There are four steps to Situational Leadership®, but the first one (Identify the specific task) is undeniably the most critical. In fact, oftentimes, when I am facilitating a workshop, I tell participants if they can figure out a way to master Step 1, they can sleep through the rest of the class and still become better leaders!
Net- net when specific expectations for performance are clear and specific criteria for evaluating the impact of that performance is equally explicit, the probability of task-related success is exponentially increased.
Consider that assertion in the context of a Sales Manager preparing to spend a day in the field with an Account Manager on their team. That manager could establish objectives for the upcoming observations that focused upon:
- Overall: Job Title or Role (“Let’s see where you are in terms of your overall development as an Account Manager compared to the last time I saw you in action.”)
- Major: Performance Area (“Let’s focus on your ability to articulate relevant data about our products.”)
- Detailed: Task or Activity (“Let’s focus our attention on the manner in which you leverage our approved sales aids in discussions with qualified prospects who are currently using competitive products.”)
Unambiguous, detailed, crystal clear, “same-page status” between leader and follower on the task at hand is the first key to effective influence!
Combine the importance of specificity with an intentional coaching strategy of limiting the number of tasks you attempt to address at one time or in one setting. Many leaders have a tendency to try to maximize efficiency by coaching to a number of different areas for improvement all at once (e.g., use of the sales aid, listening skills, closing skills, pre-call planning and post-call administration).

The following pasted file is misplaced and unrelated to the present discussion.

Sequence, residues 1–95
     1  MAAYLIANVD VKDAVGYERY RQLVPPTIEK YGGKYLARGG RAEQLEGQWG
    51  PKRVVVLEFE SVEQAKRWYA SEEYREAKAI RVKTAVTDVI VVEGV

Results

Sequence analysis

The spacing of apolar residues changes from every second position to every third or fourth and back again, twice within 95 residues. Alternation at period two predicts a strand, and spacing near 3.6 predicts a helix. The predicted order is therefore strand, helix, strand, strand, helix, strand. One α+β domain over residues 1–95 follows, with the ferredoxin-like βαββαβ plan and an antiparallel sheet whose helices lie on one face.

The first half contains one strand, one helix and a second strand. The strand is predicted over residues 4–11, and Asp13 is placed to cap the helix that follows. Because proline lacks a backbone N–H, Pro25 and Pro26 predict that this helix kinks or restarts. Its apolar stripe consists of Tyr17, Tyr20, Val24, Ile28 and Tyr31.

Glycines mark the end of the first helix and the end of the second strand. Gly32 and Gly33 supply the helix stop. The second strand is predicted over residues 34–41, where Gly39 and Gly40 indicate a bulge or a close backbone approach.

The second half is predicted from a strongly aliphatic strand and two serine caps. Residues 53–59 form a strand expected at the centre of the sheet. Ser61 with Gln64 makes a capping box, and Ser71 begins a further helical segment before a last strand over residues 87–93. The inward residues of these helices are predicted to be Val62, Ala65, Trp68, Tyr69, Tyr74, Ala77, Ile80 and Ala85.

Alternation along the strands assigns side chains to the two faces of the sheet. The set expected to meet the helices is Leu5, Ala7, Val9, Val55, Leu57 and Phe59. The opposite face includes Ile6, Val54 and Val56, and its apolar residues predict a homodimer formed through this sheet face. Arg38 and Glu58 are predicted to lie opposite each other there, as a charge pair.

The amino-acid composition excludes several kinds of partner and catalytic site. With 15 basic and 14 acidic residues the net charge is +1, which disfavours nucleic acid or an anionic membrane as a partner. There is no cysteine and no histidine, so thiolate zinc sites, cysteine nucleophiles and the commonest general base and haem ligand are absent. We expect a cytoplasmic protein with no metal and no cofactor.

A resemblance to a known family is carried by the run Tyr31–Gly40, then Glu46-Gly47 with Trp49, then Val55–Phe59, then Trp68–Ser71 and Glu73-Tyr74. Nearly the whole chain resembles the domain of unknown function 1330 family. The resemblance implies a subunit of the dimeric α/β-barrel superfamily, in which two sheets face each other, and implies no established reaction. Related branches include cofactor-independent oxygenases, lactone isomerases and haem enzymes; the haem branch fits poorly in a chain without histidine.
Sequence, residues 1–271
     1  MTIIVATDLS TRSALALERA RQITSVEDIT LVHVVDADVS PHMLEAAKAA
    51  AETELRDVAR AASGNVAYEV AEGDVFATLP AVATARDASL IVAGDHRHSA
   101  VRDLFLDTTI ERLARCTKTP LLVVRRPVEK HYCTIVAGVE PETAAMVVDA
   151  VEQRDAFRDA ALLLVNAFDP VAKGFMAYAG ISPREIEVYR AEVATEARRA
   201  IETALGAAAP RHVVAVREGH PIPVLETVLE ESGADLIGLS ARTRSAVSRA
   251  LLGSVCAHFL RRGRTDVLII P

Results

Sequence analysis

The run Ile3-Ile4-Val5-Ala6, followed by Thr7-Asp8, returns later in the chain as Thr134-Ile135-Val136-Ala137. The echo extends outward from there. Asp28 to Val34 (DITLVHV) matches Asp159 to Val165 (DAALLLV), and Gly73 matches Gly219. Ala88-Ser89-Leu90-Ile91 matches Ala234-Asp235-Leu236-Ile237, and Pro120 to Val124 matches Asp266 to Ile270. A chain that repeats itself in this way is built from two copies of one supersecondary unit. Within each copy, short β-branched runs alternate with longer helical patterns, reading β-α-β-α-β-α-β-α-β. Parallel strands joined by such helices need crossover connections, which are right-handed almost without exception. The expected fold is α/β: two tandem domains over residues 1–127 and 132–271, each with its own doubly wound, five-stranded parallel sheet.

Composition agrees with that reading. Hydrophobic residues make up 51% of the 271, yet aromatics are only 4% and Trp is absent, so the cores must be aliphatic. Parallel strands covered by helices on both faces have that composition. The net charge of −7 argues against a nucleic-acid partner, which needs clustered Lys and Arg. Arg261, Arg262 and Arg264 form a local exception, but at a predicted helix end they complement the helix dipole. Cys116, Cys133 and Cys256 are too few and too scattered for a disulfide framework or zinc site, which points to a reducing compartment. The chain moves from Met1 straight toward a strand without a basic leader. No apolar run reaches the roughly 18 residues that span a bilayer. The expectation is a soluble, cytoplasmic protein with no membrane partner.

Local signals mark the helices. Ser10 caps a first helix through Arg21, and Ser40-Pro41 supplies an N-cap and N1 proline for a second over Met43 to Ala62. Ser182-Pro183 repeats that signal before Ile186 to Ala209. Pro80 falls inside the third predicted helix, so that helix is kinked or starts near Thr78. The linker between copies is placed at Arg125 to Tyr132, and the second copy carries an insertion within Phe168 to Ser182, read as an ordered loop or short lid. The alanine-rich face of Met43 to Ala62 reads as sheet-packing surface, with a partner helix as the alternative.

In the book, “The 4 Disciplines of Execution: Achieving Your Wildly Important Goals,” Sean Covey, Chris McChesney and Jim Huling detail the importance of focusing on tasks which are deemed to be “wildly important.” In general, their message suggests that less is more and that leaders should consider applying increased energy against fewer objectives because, when it comes to managing performance, “the law of diminishing returns is as real as the law of gravity.”
Their research suggests that if you focus your progressive coaching efforts on two to three goals (max) you will have a high probability of success. Conversely, if you focus on four to 10 goals, you will drive desired performance on only one or two of them. Beyond that, if you focus on 11 to 20 goals, you will see limited (if any) meaningful results.
So, it strikes me as I pass along considerations for your future coaching opportunities, that less is more and “same-page status” rules the day!
Identify a person you have been attempting to coach to close performance gaps and determine:
- Have you done a masterful job of breaking the task down into its details and clearly set your expectations for performance?
- What are the “wildly important” performance gaps that demand your focus?